It is not surprising that there is a mental health crisis among graduate students, with depression and anxiety six times higher than the general population. Depression rates are 30-40% and highest among women and racial minorities. 7.3% have had suicidal thoughts and 2.3% have made plans for suicide. Half of graduate students drop out due to the stress, risk, and imbalance of power. It’s rarely a failure of intellect or work ethic.
Sexual harassment is also a symptom of such power imbalances and toxic environments. I was at the party where this happened. In a different incident, two of my lab mates were groped by a senior faculty member that wasn’t their advisor, but they feared reprisal if they reported it.
Some bosses are fine, and some universities have relatively good work environments. (Like a job!) However, even the most easygoing bosses can be anxiety-inducing because you never know when things could change, like climbing a cliff face without a safety rope. Labor rights and a union can be that safety rope.
Labor unions have long been the solution for situations just like this: a company town built around a mine or factory, in which the employees cannot simply pick up and leave. Unions negotiate higher wages, benefits, and workplace protections, benefits that exceed union dues. Graduate student labor unions could also negotiate:
- Clear expectations for earning a degree to reduce exploitative and capricious decisions.
- Requirements for a powerful thesis committee as a check on a single advisor
- Safety net policies in case of your advisor moving, retiring, dying, losing funding, or unjustly firing a student.
- Resources and reporting guidelines for harassment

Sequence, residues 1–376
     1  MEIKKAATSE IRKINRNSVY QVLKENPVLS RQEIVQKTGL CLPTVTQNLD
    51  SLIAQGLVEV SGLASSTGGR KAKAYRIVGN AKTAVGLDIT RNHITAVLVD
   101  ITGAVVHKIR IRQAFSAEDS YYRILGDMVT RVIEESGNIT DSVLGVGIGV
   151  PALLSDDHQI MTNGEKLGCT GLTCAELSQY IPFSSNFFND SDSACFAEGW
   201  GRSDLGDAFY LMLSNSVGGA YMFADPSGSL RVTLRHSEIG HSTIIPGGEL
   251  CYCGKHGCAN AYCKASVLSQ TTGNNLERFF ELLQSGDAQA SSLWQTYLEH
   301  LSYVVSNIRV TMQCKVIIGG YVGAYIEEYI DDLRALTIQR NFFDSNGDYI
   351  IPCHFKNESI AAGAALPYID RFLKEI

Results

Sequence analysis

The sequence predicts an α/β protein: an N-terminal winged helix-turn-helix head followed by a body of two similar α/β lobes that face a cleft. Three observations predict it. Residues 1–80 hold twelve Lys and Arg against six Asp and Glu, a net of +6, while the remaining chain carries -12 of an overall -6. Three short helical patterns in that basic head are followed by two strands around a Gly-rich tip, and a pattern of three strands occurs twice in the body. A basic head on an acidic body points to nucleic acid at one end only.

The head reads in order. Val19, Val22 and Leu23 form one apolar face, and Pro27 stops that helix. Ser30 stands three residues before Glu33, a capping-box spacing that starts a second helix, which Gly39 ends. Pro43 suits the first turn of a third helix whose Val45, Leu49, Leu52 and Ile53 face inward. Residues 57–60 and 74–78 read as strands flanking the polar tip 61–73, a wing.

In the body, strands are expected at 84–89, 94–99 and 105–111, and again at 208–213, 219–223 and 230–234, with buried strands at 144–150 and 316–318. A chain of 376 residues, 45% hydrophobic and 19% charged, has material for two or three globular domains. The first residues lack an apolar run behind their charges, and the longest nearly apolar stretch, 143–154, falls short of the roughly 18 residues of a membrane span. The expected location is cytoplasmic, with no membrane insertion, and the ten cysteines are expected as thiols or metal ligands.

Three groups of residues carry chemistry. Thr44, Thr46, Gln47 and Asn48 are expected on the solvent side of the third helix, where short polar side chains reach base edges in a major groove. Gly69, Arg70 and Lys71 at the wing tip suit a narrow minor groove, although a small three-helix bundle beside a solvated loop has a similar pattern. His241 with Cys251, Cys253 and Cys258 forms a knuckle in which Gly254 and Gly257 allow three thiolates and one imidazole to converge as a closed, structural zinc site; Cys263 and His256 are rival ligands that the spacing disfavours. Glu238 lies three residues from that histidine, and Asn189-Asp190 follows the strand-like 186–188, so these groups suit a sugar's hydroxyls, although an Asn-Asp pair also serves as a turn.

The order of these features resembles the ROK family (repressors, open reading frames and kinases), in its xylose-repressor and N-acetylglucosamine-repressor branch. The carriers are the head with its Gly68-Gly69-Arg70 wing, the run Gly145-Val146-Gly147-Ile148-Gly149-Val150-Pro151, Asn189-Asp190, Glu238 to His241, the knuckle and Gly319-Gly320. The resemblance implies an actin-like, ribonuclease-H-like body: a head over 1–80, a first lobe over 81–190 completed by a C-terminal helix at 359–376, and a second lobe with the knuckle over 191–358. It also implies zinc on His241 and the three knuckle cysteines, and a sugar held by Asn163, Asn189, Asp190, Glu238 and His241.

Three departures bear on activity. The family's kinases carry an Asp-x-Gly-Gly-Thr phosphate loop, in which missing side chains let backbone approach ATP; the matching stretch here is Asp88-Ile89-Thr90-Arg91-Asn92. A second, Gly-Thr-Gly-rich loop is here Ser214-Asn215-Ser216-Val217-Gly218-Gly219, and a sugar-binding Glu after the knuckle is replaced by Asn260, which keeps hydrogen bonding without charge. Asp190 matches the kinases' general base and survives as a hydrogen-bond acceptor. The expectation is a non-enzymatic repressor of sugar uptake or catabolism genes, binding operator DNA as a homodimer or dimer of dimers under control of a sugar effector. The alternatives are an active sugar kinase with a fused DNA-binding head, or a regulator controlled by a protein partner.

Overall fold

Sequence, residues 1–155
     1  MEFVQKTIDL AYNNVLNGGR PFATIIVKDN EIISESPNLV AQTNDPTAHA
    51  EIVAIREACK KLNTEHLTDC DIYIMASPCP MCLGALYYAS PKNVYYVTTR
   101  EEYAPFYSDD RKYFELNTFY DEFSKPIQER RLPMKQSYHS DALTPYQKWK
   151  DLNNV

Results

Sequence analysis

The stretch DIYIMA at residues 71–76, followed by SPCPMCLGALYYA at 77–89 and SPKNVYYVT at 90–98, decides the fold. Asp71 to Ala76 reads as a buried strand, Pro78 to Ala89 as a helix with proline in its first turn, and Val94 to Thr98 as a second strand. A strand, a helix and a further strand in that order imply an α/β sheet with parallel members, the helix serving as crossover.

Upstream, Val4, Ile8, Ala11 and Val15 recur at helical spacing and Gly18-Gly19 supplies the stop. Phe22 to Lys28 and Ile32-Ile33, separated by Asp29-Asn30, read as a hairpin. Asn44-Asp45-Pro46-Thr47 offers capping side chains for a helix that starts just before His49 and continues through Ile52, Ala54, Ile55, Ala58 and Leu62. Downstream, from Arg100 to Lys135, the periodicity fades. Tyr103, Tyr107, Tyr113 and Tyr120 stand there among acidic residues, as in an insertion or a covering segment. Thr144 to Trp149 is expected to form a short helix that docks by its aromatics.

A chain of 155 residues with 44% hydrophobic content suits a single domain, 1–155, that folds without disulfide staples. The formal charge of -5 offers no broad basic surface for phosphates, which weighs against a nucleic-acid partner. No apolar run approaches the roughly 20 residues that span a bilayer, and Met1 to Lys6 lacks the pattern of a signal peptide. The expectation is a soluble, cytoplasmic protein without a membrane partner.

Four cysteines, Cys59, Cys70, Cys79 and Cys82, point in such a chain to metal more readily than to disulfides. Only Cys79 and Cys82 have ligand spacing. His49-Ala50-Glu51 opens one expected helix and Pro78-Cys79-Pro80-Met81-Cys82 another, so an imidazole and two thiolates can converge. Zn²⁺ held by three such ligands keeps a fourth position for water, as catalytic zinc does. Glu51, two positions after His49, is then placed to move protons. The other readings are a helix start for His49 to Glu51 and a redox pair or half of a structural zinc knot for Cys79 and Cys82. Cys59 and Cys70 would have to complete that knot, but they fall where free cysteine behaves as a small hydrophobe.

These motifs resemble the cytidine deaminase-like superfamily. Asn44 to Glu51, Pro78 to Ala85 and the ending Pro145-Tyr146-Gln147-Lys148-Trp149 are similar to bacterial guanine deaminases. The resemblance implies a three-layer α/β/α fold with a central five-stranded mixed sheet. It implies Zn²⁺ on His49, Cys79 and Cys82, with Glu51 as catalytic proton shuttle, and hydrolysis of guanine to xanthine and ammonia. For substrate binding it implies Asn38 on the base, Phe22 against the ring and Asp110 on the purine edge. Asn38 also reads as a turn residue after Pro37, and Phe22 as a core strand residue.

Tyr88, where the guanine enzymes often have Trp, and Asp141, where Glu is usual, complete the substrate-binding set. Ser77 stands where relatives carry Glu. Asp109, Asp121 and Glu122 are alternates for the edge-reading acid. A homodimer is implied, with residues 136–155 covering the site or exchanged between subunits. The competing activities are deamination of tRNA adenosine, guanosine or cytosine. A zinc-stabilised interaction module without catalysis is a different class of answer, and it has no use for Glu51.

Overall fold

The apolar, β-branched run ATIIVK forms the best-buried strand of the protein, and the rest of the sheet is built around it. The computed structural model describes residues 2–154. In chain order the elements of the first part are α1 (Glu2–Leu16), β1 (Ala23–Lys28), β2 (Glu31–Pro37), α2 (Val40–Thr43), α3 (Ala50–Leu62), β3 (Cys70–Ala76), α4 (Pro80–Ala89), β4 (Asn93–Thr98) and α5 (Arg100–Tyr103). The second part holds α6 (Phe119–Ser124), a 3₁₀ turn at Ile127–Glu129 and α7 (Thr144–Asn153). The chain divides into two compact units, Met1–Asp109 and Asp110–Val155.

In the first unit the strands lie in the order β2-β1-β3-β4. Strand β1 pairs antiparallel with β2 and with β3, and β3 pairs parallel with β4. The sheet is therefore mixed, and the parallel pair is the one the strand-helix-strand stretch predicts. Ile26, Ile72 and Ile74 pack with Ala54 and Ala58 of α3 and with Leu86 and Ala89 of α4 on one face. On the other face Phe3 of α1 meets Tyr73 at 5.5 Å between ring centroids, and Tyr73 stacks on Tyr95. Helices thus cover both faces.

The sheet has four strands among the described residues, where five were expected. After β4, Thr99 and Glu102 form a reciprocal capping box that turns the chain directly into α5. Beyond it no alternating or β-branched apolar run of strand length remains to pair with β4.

- Minimum vacation time and workload limits
- Mental health resources
- Childcare benefits
There are plenty of solutions: Congress or state legislatures could close this labor loophole. A new administration could appoint a new NLRB. Universities or even just their faculty could voluntarily recognize their employees’ right to collective bargaining, like was done at Harvard. Graduate school rankings and prospective students could make strong unions a key factor in deciding where to apply or accept a position.
Graduate students’ wellbeing is linked to the country’s wellbeing, and those 50% of PhD students that drop out are a loss for everyone. Never has it been more important to produce highly educated, creative PhD scientists, engineers, and thinkers. We need these people to start new businesses, cure disease, solve problems that have stumped past generations, and teach the generations that will follow.
Dr. Ben Zalisko earned his PhD in Chemistry from the University of Chicago in 2017 where he was a union advocate. Today, he is an AAAS Science & Technology Policy Fellow, pursuing a long-term career in the federal government. He also runs the science-policy podcast “Beltway Science”, where this issue was recently discussed in detail. His views here do not in any way reflect those of AAAS or the US Government. To hear more from Ben follow him on Twitter @benzalisko or his podcast @beltwayscience.